Georgia State University
Materials Contributed through SERC-hosted Projects
Homegrown Demand part of Starting Point: Teaching and Learning Economics:Teaching Methods:Classroom Experiments:Examples
This exercise introduces students to the concept of a demand curve, and helps them understand how demand curves are derived. During the exercise students think about and submit the price they are willing to pay for a specific item. These prices are used to generate a demand curve. In particular, to generate the prices, the instructor auctions off three M&M packets to the highest bidders via a sealed-bid auction. The instructor enters the bids into the EconPort graphing software (see below). The data generated by the class forms a demand curve which motivates the class's introduction to demand curves. Students often have trouble understanding that demand curves are visualizations of marginal benefits. Even when they have such an understanding, they often do not see the logic of ordering these values from highest to lowest for demand curves. This experiment helps students to grasp these concepts more readily. It also prepares students for studying (and participating in experiments about) competitive equilibrium theory and other market characteristics (e.g., taxes, price controls).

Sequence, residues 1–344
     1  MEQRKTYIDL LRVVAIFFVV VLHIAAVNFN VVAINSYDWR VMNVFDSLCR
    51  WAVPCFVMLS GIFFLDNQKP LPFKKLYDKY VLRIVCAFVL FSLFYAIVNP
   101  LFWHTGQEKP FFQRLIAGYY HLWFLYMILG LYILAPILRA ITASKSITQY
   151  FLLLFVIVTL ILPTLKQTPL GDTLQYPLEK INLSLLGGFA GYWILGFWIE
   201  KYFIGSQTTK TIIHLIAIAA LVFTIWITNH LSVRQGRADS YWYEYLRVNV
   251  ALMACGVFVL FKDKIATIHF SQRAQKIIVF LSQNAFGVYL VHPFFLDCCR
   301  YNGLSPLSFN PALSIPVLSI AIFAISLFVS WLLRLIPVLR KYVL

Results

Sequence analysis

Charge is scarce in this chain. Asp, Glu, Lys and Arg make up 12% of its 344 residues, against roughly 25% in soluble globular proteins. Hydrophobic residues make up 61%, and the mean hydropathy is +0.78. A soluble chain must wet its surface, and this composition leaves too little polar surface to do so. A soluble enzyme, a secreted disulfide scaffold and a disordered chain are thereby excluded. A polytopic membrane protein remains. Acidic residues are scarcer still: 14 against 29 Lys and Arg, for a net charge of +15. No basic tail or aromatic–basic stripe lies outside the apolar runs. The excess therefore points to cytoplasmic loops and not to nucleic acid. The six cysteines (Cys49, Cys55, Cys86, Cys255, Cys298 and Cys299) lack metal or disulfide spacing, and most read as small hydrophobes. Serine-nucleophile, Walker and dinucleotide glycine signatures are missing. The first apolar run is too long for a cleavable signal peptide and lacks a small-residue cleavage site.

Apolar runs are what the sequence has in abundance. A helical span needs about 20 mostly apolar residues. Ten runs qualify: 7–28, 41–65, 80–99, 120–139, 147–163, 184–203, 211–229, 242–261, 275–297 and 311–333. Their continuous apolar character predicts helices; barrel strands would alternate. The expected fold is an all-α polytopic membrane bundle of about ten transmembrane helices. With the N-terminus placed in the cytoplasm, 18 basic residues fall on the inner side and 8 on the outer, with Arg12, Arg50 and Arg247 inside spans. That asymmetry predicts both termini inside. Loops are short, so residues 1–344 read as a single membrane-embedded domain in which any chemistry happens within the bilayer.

Public Goods Experiment part of Starting Point: Teaching and Learning Economics:Teaching Methods:Classroom Experiments:Examples
In this experiment, students must decide how to divide their "endowment" of a good between private consumption and a public good. The private consumption provides a benefit (earnings) to only the individual and the public good provides a benefit to each person in the group, even those who do not contribute to the public good. This hand-run experiment is suitable for use in small classes in the range of 5 to 40 students. Some variations on this basic experiment are also described.
J. Todd Swarthout part of Starting Point: Teaching and Learning Economics:About this Project:Project Participants
Research Assistant Professor Department of Economics Georgia State University P.O. Box 3992 Atlanta, GA 30302-3992 email@example.com Phone:404-413-0192 Background Information J. Todd Swarthout is a Research ...